This piece of write up is directed not only to choir masters but to people who are in one form of leadership or the other in a choral group. To be sincere being in charge of a group of human beings is never easy.
In a typical choir you always have the musical guru or gurus, musically average members who are able to understand songs fast, docile/tone deaf members and the clown or clowns of the choir who crack the choir up with their jokes and gestures at choir gatherings.
However choirmasters are faced with the problems of bringing about a relative level of perfection to the musical pieces that their choir perform. This can bring about undue stress in a scenario whereby the choir is finding it difficult understanding a musical piece, this undue stress on choirmasters make them lash out at choristers who make mistakes while singing. This form of aggression shown by choirmasters has many names but i call it creative tantrums because it arises as a result of the choirmaster trying to bring his members to his own level of musical understanding.
It is not a tantrum borne out of hate but out of love. However without proper self control choirmasters can end up making it a permanent behaviour thereby irritating the members of the choir and bringing about discord.
Creative tantrums can be controlled with choirmasters coming to the conclusion that
- Not everyone in the choir has the type of musical training or experience that the choir master has
- They also have to come to the realisation that not every member is musically gifted. Hence we have some choristers who are basically tone deaf.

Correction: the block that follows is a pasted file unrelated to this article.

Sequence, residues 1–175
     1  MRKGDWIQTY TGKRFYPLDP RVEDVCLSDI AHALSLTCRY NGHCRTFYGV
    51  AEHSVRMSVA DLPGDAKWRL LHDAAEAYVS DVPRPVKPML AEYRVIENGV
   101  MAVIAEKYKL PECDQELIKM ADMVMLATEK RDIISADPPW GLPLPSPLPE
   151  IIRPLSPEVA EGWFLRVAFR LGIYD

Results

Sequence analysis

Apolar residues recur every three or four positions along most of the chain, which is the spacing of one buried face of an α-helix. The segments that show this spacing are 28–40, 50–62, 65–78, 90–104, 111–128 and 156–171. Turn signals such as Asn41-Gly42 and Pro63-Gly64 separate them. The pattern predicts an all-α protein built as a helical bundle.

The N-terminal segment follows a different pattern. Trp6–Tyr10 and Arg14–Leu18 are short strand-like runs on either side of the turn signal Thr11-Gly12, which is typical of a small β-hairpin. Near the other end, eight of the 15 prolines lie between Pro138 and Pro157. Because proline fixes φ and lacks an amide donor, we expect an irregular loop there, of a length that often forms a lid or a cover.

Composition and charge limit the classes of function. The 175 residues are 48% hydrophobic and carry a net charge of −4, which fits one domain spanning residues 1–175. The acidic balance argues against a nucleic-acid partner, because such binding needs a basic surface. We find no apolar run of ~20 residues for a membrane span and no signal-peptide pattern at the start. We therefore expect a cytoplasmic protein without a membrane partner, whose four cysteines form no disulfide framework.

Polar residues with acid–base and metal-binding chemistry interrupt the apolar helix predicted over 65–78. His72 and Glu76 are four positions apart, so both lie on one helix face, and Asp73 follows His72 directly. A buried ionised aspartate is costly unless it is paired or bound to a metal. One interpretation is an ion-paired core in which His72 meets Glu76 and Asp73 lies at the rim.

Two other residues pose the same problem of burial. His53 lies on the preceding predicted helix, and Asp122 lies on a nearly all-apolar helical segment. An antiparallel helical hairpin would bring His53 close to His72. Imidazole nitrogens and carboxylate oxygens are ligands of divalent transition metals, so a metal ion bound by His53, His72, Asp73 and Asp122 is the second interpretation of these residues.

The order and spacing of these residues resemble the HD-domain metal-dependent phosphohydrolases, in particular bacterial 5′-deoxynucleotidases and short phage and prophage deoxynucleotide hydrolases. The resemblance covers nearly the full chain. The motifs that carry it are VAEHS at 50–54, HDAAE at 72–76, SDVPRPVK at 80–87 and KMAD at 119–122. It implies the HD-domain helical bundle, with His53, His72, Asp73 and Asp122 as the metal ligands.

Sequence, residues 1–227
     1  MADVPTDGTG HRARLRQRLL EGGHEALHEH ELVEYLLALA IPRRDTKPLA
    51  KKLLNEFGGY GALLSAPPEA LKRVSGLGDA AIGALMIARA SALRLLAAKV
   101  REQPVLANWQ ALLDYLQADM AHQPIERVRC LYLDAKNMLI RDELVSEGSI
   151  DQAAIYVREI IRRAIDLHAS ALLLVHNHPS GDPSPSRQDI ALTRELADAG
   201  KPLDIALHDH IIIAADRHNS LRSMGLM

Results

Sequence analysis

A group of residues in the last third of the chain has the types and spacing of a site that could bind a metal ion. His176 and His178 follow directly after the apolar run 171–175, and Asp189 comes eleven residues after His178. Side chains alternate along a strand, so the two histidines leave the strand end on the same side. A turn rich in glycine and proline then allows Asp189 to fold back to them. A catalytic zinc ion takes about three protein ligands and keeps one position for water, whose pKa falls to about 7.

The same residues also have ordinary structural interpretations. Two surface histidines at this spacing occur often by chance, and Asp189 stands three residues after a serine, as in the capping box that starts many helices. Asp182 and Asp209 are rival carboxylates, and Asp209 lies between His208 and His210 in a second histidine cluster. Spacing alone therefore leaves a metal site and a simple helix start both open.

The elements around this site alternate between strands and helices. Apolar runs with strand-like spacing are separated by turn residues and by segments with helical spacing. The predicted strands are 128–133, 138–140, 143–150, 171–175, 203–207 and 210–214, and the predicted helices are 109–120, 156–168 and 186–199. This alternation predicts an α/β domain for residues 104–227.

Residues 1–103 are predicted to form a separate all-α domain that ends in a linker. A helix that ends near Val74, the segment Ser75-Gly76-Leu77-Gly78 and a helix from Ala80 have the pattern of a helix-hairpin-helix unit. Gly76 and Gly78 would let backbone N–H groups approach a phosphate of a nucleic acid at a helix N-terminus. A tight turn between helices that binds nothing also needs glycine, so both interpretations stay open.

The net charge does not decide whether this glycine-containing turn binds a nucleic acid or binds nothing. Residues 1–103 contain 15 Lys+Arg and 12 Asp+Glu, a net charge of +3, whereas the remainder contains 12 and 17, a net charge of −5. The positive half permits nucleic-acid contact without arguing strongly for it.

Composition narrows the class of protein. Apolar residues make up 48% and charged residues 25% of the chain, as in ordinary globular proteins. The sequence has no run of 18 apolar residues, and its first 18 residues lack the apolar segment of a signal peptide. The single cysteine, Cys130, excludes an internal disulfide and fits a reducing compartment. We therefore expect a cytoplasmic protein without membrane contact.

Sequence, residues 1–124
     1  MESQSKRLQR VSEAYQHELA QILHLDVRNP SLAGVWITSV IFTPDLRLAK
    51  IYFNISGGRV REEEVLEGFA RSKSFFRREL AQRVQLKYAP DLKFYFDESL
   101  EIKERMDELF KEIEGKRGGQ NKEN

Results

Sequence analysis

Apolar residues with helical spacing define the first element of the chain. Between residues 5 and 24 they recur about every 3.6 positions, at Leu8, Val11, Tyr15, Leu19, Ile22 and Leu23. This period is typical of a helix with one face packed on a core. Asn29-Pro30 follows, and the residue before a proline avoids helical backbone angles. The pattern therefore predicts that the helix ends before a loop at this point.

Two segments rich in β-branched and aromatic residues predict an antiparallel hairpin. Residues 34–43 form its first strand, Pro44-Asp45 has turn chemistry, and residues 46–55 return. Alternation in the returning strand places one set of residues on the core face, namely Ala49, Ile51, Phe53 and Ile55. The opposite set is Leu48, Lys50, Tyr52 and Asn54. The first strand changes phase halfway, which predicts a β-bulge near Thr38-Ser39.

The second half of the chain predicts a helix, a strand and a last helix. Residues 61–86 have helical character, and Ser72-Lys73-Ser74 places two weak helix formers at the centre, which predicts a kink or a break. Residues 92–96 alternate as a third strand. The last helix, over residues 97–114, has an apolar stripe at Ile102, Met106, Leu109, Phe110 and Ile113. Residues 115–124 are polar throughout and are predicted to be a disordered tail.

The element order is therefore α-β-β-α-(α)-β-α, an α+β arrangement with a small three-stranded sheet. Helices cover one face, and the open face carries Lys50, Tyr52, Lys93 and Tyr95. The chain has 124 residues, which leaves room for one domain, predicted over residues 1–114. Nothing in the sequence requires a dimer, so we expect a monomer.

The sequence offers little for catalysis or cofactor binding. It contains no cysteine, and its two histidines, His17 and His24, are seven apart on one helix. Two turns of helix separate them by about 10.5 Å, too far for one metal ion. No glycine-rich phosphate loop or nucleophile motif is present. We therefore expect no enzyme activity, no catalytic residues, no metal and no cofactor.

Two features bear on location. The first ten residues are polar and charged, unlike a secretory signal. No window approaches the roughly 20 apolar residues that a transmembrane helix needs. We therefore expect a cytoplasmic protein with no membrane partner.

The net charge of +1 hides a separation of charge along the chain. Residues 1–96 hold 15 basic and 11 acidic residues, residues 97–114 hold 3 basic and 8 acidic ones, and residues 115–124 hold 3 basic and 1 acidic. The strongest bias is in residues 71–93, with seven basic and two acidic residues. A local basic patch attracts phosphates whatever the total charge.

Putting all this into consideration the choirmaster should endeavour to do the following to avoid unnecessary tantrums.
- The usefulness of rehearsals cannot be over emphasized. Choirmasters must make sure that rehearsals start early enough so that all that has to be done can be finished on time.
- Choirmasters should not load a choir rehearsal with too many new materials as this will lead to choirmasters rushing to finish up the teaching of a material in order to start a new one. This ends up having an adverse effect on the choristers who may feel stressed and irritated.
- Most fully established choral groups rarely have one musical guru. There is always those other people or that one person who is a musical genius as well or is at least musically inclined to help. Therefore choirmasters should eandeavour to ask for the help of choristers who can help out.
- Choir masters should introduce complex pieces long before the time they are sang so that the choir can get better acquainted with the song before the period they would be sang. This also helps to avoid unnecessary stress on both the choirmaster and the choristers.
- Choir masters should make sure there is no segregation during rehearsals i.e haves and the have-nots sitting separately. Those who can sing should be mixed up with those who do not know how to sing.